"Law & Order" executive producer Dick Wolf said he was growing a bit concerned a few months ago. He was looking toward another season of the show without changing any of the primary cast members.

His concerns were alleviated, however, when Carey Lowell asked out of the series so that she could spend more time with her young child."I am a firm believer now that the `Law & Order' audience, in a sense, looks forward to these cast changes," Wolf said. "I would have been a little worried. I mean, I was going to change somebody this year because it would have been the third year with no cast changes. And then you get into a situation where it becomes much more traumatic."

Wolf hadn't originally planned to go through so many actors, a process that began when George Dzundza asked out after the first season and was replaced by Paul Sorvino - who was later replaced by Jerry Orbach.

And Michael Moriarty was replaced by Sam Waterston. And Chris Noth was replaced by Benjamin Bratt. And Dann Florek was replaced by S. Epatha Merkerson. And Richard Brooks was replaced by Jill Hennessy, who was replaced by Carrie Lowell, who is now being replaced by Angie Harmon.

And Harmon has a somewhat unusual resume for an actress taking a lead role on one of television's most-respected dramas. A former model, she got her start when David Hasselhoff cast her on the since-canceled syndicated series "Baywatch Nights."

"I was actually spotted on a plane by Mr. Hasselhoff," Harmon said. "And he was wonderful enough to give me 44 episodes of acting lessons on `Baywatch Nights.' "

Sort of on-the-job training, as it were.

"You walk into something, you don't know anything about it," she said. "You walk out 44 episodes later knowing how to hit your mark and stay out of someone's light. They talk and you don't, then you talk and they don't. And, basically, diving into your character as much as possible and knowing that there's so much to learn. This isn't exactly an occupation where you ever stop learning."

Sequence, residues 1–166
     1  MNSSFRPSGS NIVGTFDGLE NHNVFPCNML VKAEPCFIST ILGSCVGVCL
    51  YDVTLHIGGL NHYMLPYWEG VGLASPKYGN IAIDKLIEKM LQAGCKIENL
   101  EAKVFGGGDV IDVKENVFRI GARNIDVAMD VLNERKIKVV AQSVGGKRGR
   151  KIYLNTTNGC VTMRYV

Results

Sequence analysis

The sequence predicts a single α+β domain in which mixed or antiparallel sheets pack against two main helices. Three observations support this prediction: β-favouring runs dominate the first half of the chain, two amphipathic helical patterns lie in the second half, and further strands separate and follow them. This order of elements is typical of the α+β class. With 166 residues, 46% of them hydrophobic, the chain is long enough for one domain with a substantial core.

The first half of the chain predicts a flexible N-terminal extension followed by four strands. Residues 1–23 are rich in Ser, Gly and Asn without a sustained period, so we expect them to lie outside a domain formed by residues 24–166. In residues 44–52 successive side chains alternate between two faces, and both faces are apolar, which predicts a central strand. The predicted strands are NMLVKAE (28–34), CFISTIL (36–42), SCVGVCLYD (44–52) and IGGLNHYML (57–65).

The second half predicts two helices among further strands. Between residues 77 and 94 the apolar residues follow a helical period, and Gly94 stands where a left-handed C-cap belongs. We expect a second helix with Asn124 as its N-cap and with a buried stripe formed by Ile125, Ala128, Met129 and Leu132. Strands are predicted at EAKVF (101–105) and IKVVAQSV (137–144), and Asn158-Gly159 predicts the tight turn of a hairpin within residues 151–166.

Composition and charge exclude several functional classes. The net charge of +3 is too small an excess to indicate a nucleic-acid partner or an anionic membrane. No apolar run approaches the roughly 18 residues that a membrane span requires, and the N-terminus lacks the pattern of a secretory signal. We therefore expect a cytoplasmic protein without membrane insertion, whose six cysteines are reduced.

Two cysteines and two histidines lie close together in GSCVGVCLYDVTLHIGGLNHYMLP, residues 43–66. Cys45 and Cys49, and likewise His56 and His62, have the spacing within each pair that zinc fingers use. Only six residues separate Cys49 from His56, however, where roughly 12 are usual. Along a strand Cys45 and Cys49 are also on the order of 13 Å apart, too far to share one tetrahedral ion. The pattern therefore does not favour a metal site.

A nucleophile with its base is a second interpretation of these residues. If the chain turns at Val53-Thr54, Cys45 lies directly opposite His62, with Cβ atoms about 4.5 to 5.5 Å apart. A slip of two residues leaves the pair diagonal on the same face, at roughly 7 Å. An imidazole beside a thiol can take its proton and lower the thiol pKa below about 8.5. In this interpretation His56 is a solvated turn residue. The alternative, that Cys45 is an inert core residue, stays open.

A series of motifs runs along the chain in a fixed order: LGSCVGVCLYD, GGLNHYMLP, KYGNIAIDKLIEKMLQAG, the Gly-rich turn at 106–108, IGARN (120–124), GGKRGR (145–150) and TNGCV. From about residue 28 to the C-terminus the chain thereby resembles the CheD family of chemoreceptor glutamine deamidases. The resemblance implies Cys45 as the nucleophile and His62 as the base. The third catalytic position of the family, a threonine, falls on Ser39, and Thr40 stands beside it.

Harmon said that becoming an actress had been a goal while she was modeling, but she didn't expect it to work out the way it did.

"It's something that I always wanted to do," Harmon said. "I never wanted to walk into it without taking any lessons or anything. You don't want to shoot yourself in the foot the first shot out of the gate. But that's the way it happened and I'd be an idiot to pass up on the opportunity.

"And, apparently, I'm doing something right."

"She sure is," Wolf said.

Harmon does have some experience other than "Baywatch Nights." She co-starred in the little-seen ABC crime drama "C-16" last season and acquitted herself rather well.

"This woman is a terrific actress," Wolf insisted. "We saw about 85 people during the casting process. She won hands down."

And he cautioned against taking her lightly simply because she spent two years on a show with "Baywatch" in the title.

"Jill (Hennessy) had not done anything before we found her. Carey (Lowell) was dismissed as a Bond girl (she appeared in "License to Kill"), and I never heard complaints from people after she went on the show," Wolf said. "I think that people are really going to be very impressed, not only by the character that has been created but by Angie's ability to do it."

That character - Abbie Carmichael - will be decidedly different than the one played by Lowell. A native of Dallas, Carmichael moved from the Dallas district attorney's office to the New York district attorney's office three years before her first appearance on "Law & Order." She has been prosecuting criminal cases involving narcotics and she has a 95 percent conviction rate.

This new character will have "a big office" and she "is not there to be a protege."

Whereas Jack McCoy's (Wat-ers-ton) has previously worked beside junior partners, Carmichael will be on more of an equal footing with him.

"Because she's been in narcotics for three years, she definitely has an edge to her," Wolf said. "I mean, she's used to dealing with drug dealers - not the highest quality of people - and she's used to putting them away. . . . She's not used to working with a team. She's used to working on her own and getting the job done.

"And Jack, of course, is used to working with the team and it's a team effort, so I think there's definitely a little conflict there. And you would also think, knowing Jack's background and his reputation, there's definitely going to be some conflict there.

"Jack's not so pleased with the assignment."

Whether any sort of a personal relationship will develop between the two characters remains to be seen.

"Well, you never know what happens over the course of nine months of working together. Or, hopefully, five years of working together," Wolf said.

Actually, fans of the show can expect to see less about the personal lives of all the characters this coming season than they did last season.

"There is going to be a de-emphasis - not a de-emphasis, but the tiniest of mid-course corrections - this season in terms of getting back to the core stories and not delving quite as much into the personal lives of the characters," Wolf said.

"We specialized in giving people information in eye-dropper-full doses. I think last year we got more into soup spoons, and we're going to go back to the eye-dropper."